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Vaccine trial concludes at NNUH-run Clinical Research Facility

14 December 2021

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One of the most high profile and fast-paced research studies at NNUH has come to a conclusion with hundreds of Norfolk volunteers playing a role in Covid-19 vaccine research.

The Novavax vaccine clinical trial began at the Clinical Research Facility (CRF) at the Quadram Institute in October 2020 with more than 500 participants taking part in the year-long study. Participants came from the local community, NHS and Norwich Research Park and made several visits to the CRF over the last 12 months.

The final follow-up appointments have taken place for participants on the trial, which has involved the whole research delivery team from NNUH with support from colleagues at neighbouring hospital trusts, primary care and the National Institute for Health Research (NIHR).  Without the CRF and support from the NIHR Clinical Research Network it would not have been possible for NNUH to have taken part in a trial of this scale.

Novavax reported earlier this year that the vaccine tested in this Phase 3 trial, which involved 15,000 volunteers in the UK, has been 89.3% effective, and has been submitted to UK regulators for conditional marketing authorisation. The protein-based jab – similar to those used to protect us from flu – and can be stored at fridge temperature making it easier to transport and store than mRNA-based vaccines.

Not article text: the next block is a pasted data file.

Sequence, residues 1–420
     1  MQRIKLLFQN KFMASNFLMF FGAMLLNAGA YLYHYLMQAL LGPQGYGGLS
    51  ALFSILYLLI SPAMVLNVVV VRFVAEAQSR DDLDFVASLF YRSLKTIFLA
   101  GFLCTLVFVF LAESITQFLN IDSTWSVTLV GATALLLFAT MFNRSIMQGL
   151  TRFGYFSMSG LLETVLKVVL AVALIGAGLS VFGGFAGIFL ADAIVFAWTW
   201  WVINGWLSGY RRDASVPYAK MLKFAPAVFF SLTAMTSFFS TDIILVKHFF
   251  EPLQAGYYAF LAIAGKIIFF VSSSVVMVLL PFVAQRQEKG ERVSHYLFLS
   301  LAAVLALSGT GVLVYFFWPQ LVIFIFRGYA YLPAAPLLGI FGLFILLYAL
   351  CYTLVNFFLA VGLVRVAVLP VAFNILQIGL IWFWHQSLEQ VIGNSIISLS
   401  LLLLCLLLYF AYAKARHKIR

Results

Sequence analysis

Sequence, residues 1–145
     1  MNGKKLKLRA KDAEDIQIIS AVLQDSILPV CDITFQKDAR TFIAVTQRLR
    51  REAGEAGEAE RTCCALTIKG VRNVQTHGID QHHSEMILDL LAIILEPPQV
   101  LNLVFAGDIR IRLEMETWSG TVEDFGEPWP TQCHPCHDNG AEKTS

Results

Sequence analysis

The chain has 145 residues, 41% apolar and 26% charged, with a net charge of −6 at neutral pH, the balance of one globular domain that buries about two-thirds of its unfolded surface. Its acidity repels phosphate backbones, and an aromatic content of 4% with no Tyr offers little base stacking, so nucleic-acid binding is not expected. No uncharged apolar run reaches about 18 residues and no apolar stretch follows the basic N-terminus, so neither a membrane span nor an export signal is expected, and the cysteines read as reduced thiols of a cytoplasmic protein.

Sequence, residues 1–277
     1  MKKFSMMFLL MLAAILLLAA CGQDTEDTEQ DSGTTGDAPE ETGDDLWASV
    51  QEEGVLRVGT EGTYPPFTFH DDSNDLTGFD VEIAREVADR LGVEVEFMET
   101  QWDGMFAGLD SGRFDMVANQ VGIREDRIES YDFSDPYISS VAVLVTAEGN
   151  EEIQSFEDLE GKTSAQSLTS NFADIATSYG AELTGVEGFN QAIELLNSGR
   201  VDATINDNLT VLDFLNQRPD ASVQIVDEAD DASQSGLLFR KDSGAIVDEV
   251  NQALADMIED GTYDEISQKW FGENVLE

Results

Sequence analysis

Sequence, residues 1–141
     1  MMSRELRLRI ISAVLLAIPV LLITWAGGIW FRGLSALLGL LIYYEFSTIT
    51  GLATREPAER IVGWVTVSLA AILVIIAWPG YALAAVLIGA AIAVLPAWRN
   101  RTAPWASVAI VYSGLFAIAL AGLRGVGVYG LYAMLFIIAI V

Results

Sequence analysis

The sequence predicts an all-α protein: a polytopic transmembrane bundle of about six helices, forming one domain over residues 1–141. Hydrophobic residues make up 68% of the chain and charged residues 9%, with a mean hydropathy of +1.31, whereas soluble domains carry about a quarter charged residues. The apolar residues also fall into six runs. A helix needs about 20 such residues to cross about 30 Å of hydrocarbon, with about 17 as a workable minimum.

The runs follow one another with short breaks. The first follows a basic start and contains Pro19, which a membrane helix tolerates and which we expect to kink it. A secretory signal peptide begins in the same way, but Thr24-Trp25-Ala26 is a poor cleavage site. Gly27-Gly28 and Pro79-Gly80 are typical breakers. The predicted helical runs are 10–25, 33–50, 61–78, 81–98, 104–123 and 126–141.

Prof Jeremy Turner, NNUH Consultant Endocrinologist and Clinical Director for the NIHR Clinical Research Network in the East, said the trial was set up at an unprecedented pace and scale and the results have surpassed expectations.

“We are extremely grateful to all the participants who took part in this study and it is has been a huge team effort by colleagues across Norfolk. The pandemic unified our passion to do something about it and there was shared endeavour across the local health economy. Being involved in research leads to real change in people’s healthcare in the near future and the timeframe can be years – this time it is a number of months.”

“Clinical trials may never go back to how they were because there’s been such a mass participation exercise among the population and people have seen what it’s like to be involved in a clinical trial and the difference it has made.

We need to harness that for other research and show the impact that taking part in research can have.”

You can find out more about research happening locally by visiting

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